Year B: March 18, 2012
First Reading: Numbers 21:4-9
Alexander and the Terrible, Horrible, No Good, Very Bad Day by Judith Viorst (Written for ages 5-9)
Comment: Perhaps the most likely place to help children connect to this text would be in exploring the feelings being expressed. “The story is the last of five ‘murmuring stories in the book of Numbers. Over and over, the people complain (or rail, or rebel, or speak against) their leaders in the wilderness.” (Feasting on the Word, Year B, Volume 2, p 99) It’s not to hard to imagine we ourselves would be grumbling if we were stuck out in the wilderness feeling lost. Perhaps the most loved grumble story to date is that of Alexander. His day downright stinks. Alexander, like the people in the wilderness, is fed up because it seems like nothing goes right for him. Those days have existed for all people in all times, at some point in time. As Alexander’s mom says, “Some days are like that.”
Second Reading: Ephesians 2:1-10
The Dot by Peter H. Reynolds (Written for ages 5-9)
Comment: “For we are what he has made us, created in Christ Jesus for good works, which God prepared beforehand to be our way of life.” New life in Christ is a gift from God, planned and prepared for us, a work of God’s, not our own. In response to God’s grace we may choose to live in ways that reflect our understanding of the good works God has created us for. Vashti experiences grace when she comes to see herself through her teacher’s eyes. Her new life as an artist is inspired by the grace-filled actions of her teacher. When her teacher sees her as an artist, Vashti discovers a desire to live as one.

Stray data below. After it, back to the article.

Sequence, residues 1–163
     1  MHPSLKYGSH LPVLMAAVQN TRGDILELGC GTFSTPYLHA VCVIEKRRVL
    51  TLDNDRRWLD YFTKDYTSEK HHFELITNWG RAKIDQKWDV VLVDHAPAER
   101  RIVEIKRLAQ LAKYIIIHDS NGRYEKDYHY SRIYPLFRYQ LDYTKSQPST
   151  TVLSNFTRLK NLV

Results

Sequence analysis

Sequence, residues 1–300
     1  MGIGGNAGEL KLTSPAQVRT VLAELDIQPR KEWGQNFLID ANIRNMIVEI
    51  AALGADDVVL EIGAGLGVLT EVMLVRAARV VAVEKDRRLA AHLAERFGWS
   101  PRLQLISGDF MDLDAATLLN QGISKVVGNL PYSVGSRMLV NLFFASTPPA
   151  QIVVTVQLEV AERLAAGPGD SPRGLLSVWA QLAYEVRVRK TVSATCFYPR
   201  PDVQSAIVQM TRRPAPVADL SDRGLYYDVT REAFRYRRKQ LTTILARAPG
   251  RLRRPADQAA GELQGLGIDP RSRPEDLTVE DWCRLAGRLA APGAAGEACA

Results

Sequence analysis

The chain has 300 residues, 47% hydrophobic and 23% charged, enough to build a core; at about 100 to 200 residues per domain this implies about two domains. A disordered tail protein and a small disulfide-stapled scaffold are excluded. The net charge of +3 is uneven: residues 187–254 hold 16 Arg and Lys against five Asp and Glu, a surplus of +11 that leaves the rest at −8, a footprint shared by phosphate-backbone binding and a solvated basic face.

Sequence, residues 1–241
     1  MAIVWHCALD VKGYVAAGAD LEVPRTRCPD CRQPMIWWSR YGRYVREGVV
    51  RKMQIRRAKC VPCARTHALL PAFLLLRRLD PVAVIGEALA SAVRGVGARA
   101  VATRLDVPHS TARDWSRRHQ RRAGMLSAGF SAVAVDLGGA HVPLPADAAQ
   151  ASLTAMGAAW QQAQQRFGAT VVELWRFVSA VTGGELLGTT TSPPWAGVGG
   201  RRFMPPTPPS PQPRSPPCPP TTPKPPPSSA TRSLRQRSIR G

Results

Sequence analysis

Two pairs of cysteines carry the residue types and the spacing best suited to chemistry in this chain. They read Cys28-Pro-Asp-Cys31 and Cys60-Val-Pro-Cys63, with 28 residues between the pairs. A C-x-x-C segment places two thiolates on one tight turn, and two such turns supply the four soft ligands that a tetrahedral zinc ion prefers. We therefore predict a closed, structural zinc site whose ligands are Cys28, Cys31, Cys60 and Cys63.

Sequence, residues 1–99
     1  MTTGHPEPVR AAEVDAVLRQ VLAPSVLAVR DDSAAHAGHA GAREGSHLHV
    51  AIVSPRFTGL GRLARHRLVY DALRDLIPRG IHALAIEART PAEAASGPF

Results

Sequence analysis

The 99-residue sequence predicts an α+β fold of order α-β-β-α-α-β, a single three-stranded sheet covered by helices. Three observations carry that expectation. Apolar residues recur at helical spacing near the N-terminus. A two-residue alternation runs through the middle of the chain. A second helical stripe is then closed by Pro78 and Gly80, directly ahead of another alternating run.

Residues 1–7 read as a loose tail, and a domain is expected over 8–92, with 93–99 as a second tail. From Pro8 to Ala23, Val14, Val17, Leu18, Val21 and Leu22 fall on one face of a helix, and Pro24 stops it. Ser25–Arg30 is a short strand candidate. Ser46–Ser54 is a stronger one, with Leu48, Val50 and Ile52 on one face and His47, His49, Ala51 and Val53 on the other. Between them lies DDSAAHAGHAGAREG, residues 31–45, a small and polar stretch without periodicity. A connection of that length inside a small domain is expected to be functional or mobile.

Gospel Reading: John 3:14-21
Comment: Sometime we find ourselves questioning God’s love for us. We are the ones who grumble, who don’t feel worthy of love, we break rules, we are lured by the darkness, we struggle to live in the light. It’s normal to wonder, “Would God love me if…?” A lovely illustration of unconditional love can be found in the stories from Barbara Joosse of the Inuit mama and Maasai papa. In both stories, the parents listens as their child comes up with a list of things that might challenge their parent’s love. Each parent assures their child of their steadfast love, regardless of the the situation. Our own questions may be answered when we reflect on the fact that God sent the light of love into a dark world to save us. Through Christ’s presence we hear God’s answer to our question. “For God so loved the world…”
This week’s Lectionary Links were written by Union Presbyterian Seminary student Rachel Mastin and alumna Noell Rathbun-Cook.